Hans Liebherr passed away in October 1993 and control of the company passed on to his two children, Willi and Isolde who still run the business today along with their own children who each have important roles in the management structure of the company.

What is behind a good tower crane? Why another and another of course!. Liebherr tower cranes can be found everywhere.Beautiful study of a Liebherr model HS crawler crane equipped for dragline service.Liebherr call these “duty cycle” cranes and this is one of 
the larger ones. They are manufactured in Nenzing, Austria. PHOTO: INTERNETA Liebherr luffing jib tower crane seen from below. The considerable counterweight is noteworthy. This crane is 
capable of increasing its height as thebuilding rises by the self insertion of extra modular tower members. A Liebherr invention.  PHOTO: LIEBHERR Liebherr EC series T-type, or as they are more colloquially called, a ‘hammer head’ tower crane. These can be found on building sites all over the world. PHOTO: LIEBHER

Morrow New Zealand

Morrow’s was originally an American company, founded in Oregon in 1968 and over the years has concentrated on the tower crane and construction hoist market.

An Australian division, Morrow Australia was established in October 1981 and the following year, a New Zealand division was established in January 1982 and has been the NZ dealer for Liebherr tower cranes since that time with Bill Houlker as general manager.

There was little tower crane activity in New Zealand back in the early 1980s, but people suspected a boom was coming and it did in 1984 – with a vengeance.

Things weren’t quite so easy in those days as the government had decreed that there had to be a substantial amount of local manufacture incorporated in the finished product to avoid heavy tax duties.

This meant that the towers, jibs and tower heads were all fabricated in New Zealand from kitsets made up in Germany.

This unfortunate state of affairs persisted until 1988 when the government relaxed the laws regarding local content.

The global financial crash of 1987 put paid to a great deal of machinery sales and affected the building industry in New Zealand particularly badly – Morrow’s not selling a tower crane for over five years!

To further reinforce its position within the NZ crane market, Morrow NZ approached Liebherr with a view to also obtaining the distributorship for its mobile harbour cranes and container gantry cranes which was duly agreed to.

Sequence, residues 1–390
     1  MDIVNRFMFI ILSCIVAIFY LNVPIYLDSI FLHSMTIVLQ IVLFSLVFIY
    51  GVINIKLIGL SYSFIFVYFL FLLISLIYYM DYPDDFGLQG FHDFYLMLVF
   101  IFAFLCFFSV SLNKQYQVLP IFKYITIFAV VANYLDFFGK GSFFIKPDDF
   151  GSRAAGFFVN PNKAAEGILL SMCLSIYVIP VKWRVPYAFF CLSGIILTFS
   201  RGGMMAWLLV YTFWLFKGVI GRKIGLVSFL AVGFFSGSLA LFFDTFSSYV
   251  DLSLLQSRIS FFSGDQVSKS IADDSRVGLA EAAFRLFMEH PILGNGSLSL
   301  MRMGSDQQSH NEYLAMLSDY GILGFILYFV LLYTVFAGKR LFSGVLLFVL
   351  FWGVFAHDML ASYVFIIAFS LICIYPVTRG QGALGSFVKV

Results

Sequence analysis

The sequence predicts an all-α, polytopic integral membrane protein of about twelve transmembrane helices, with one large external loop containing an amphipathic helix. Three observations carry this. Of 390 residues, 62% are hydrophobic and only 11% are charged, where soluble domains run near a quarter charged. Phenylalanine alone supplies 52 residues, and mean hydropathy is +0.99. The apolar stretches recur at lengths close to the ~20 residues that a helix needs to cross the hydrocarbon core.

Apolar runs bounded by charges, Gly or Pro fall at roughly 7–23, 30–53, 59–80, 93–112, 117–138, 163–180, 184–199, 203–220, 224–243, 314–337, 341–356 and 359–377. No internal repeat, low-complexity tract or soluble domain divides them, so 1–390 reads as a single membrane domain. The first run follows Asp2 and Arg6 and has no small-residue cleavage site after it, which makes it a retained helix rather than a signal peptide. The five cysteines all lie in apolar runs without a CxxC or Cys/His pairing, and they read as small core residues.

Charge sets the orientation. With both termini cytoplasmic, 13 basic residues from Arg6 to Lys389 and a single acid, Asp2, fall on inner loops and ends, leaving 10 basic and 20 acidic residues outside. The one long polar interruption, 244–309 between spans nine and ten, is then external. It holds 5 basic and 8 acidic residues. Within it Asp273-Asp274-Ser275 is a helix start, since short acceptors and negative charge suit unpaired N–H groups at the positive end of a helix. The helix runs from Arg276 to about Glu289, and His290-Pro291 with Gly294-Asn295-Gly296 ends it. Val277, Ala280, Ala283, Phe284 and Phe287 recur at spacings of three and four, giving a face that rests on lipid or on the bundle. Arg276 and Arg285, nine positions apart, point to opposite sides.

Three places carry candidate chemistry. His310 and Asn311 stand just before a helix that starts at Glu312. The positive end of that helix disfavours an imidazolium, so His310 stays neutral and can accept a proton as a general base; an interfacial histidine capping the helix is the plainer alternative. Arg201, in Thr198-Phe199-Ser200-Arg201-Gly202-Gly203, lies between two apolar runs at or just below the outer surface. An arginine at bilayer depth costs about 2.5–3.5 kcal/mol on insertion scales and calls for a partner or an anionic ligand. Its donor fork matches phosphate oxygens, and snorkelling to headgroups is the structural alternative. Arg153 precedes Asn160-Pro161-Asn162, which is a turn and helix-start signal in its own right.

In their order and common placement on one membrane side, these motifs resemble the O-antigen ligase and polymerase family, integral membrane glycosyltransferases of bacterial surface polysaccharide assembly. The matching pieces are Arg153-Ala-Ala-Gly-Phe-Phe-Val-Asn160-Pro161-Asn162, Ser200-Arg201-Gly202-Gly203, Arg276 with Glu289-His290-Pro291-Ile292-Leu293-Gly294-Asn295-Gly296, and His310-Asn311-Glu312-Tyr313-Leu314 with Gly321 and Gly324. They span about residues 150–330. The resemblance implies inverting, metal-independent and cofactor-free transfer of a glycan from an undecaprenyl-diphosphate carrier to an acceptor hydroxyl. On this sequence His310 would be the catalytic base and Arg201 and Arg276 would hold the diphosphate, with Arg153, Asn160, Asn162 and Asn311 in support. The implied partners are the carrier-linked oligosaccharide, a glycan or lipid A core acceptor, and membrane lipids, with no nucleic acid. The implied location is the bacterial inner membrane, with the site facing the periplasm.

Morrow’s installed these cranes at the ports of Tauranga, Taranaki, Wellington, Nelson, Lyttleton, Timaru and Bluff as well as off-shore sales to ports in Noumea and Tahiti.

Not bad going at all for a small New Zealand company.

Liebherr in New Zealand

Liebherr New Zealand was incorporated in 1993 and is a branch of Liebherr-Australia Pty Ltd.

Initial market penetration was into the general earthmoving sector but quickly evolved to include surface mining equipment which was used at sites in both the North & South Island.

With the acquisition of Morrow’s NZ, this year, Liebherr New Zealand has now become a full line distributor for all of Liebherr’s Crane, Earthmoving and Mining product ranges throughout our country.

The Liebherr crane range is truly mind boggling and vast, covering self-propelled mobile cranes, rough terrain cranes, crawler cranes, hammerhead tower cranes, luffing tower cranes, small fast erecting cranes, maritime cranes and container cranes as well as other specialised materials-handling equipment.

Within the mobile crane range alone there are models up to a staggering 1200 tons lifting capacity!

Crane specialists Bill Houlker and Tom Curran are available to tailor any type of Liebherr crane to fit your requirements.

Liebherr for the model collector

Be it earthmoving, mining or cranes, Liebherr enthusiasts are well catered for.

The German diecast companies Conrad and NZG both manufacture a wide range of Liebherr models to 1:50 scale as does the Dutch company WSI.

Liebherr saw the benefit of offering scale models of its equipment very early on and has been well represented in model form since the late 1960s.

Some of the older models now change hands for substantial amounts of money.

Liebherr New Zealand has a range of current production models for sale through its promotional shop.